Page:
6. Being boring. Anyone can hold a webinar. Very few people can sell on them. Even less can entertain on them. And an even smaller number can both entertain and sell. But the good news is if you get the “entertaining” part down, the selling part is easier than you think. Why? Because when you entertain your audience, you engage them … you draw them in and before they know it, they’re pulling out their wallets to give you money.

Now when I say “entertain”, I’m not talking about being over the top or outrageous. The best way to be boring is to recite a list of facts. The best way to entertain is by telling stories. Find a way to make the same points in story-form as you would in your list of facts.

7.  Having “me, me, me” content. The bigger your company, the more likely you are to make this mistake …

Your webinar is not about you or your company, it’s about your attendees and their problems or goals.

If you don’t get that, read it again.

You don’t want to spend 90 minutes talking about how great your company is, how long you’ve been in business, how many clients you have, ect. You do want to spend 90 minutes talking about your prospects problems and/or goals and offering your product or service as a way to overcome and/or achieve them.

8. Reading your slides. Not only is reading your slides boring, but it directs your attendees attention away from where it should be: on you. Let me ask you, are your slides set up to teach, make points or deliver information? If the answer’s yes, then you’re making this mistake.

Your slides should be set up to engage your audience and recapture their attention. If attendees know all you’re doing is reading from your slides, they’ll tune you out and focus just on their screens. Instead on using your slides to make points, you could …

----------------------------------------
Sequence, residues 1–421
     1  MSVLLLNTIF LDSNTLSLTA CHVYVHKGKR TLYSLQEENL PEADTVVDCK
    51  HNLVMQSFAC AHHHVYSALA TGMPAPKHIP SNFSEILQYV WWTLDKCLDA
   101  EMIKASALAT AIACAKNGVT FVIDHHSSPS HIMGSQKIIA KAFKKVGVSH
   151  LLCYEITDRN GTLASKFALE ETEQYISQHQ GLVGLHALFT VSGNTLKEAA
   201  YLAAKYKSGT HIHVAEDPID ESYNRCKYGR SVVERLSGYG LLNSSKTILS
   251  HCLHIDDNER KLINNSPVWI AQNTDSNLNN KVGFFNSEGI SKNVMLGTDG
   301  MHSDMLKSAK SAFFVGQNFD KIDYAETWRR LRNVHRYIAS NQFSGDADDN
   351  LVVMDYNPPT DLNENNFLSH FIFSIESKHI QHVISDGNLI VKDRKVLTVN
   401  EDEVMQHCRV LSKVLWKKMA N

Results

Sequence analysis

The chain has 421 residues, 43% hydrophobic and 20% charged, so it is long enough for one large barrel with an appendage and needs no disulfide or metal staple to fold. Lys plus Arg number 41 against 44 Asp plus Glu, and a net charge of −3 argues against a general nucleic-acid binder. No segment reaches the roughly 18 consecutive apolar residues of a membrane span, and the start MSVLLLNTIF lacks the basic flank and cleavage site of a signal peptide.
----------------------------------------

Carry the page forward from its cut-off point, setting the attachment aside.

• pose a question
  • highlight a spectacular result they want to hear the story behind
  • display a visual or illustration relating to the point you’re speaking

Using slides this way grabs your audience’s attention and directs it back to you, not the screen. Do you see the difference?

9. Not having enough proof. Let me be very clear, you can never offer too much proof. Proof comes in many forms. Some of the most common forms are testimonials, case histories, visual displays (graphs, charts, before and after photos, ect.) Most people are looking for a reason not to buy. And when you overwhelm them with proof, you make it hard for them to make a case against you and your offer. Think about the different ways you can demonstrate proof and the different times during your presentation when you can present it. I’ll say it again, you can never have too much.

10. Not defining a clear course of action once the webinar has ended. Have you ever ended a lead generation webinar by saying, “If you’re interested in what we’ve talked about tonight, call the office.” If so, you’re leaving too much up to your audience. Anyone who’s already made up their mind about doing business with you or who has just a few more questions before they decide to get involved will respond to that kind of close. But the majority of your audience will not fall into that category. And if all you leave them with is an invitation to call the office if they’re interested, they won’t.